In the red


The state-owned Barbados Water Authority (BWA) said today it is facing a deficit of $10.3 million a month.

In making the announcement at a press conference at the BWA’s Pine, St Michael headquarters, general manager Keithroy Halliday attributed this position to a series of contracts which it had entered into over the past several years which did not profit the company.

“Suffice to say, the net effect of it has been that the BWA now faces a monthly deficit of about $10.3 million. And this is the result of a number of contracts which we find to be very challenging and which we, over the months, have been trying to move away from and negotiate a position that at least allows all parties to benefit going forward,” Halliday said.

He noted that the community water tanks was one of those contracts which gave birth to the rapid response unit at the height of the chronic water outages and shortages experienced by residents in the north and north eastern part of the island.

Halliday said the unit was drawn from personnel within the distribution department, but has since been restructured to bring it in line with the company’s strategic intent which is to make sure the authority delivers on its mandate for a safe supply of water and do so in a “complete and holistic way” as far as customer service is concerned.

He conceded that the BWA reached a point where it could no longer meet its financial obligations to the contractor who leased the tanks to the water utility.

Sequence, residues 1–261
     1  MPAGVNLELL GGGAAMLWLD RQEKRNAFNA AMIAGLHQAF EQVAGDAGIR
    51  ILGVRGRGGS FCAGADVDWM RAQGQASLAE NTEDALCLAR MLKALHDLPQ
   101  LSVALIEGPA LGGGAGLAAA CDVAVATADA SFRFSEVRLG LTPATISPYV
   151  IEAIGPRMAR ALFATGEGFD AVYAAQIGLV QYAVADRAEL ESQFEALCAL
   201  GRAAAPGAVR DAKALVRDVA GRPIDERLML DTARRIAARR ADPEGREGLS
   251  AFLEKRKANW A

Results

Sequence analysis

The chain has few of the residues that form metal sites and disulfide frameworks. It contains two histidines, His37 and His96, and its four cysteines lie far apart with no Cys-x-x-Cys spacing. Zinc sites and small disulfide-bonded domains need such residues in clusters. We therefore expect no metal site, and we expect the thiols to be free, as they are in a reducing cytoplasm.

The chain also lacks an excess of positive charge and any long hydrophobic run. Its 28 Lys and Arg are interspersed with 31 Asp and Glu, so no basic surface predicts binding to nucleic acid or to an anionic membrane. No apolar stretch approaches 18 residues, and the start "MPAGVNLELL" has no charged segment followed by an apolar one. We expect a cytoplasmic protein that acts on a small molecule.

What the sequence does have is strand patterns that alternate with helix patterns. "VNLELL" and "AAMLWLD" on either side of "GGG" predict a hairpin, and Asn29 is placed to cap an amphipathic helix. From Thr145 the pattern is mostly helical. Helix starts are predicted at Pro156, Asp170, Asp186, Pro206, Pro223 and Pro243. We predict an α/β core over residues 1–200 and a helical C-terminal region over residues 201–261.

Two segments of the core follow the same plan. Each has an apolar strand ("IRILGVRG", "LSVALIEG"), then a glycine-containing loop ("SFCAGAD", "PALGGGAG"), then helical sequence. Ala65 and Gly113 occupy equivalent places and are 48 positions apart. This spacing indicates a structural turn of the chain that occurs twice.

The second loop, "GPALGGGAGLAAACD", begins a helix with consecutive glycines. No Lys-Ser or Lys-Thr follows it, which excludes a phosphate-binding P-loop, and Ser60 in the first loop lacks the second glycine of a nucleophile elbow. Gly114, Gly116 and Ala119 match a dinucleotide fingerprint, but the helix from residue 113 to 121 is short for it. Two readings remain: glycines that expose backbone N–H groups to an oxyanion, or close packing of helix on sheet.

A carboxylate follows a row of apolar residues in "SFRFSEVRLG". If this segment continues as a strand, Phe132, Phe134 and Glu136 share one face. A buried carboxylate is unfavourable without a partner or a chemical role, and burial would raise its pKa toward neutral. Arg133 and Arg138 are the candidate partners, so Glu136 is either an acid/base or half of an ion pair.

“The simple fact of the matter is that given the challenges the BWA has had and given the fact that we have had to take several hard decisions, one of the areas that would have been impacted would have been the inadequate equipment. We were not able to meet all of the timely payments to the contractor in respect of services delivered…in particular for the community tanks,” the general manager said.

He also pointed to the fact that the BWA is required to fork out $1 million a month to pay rent for the next 13 years under a 15-year agreement for the building at the Pine that houses the headquarters.

“The arrangement with the building is what we call a lease plus arrangement. There are two components. There is a rental figure of $701,000 a month and then there is a service charge figure that runs between $230,000 and $250,000 a month. So every month conceivably, the BWA has been trying to make a million dollars in payments towards inhabiting this particular establishment,” Halliday lamented.

He argued that the water works was earning an average $11 million a month and was waiting on a loan.

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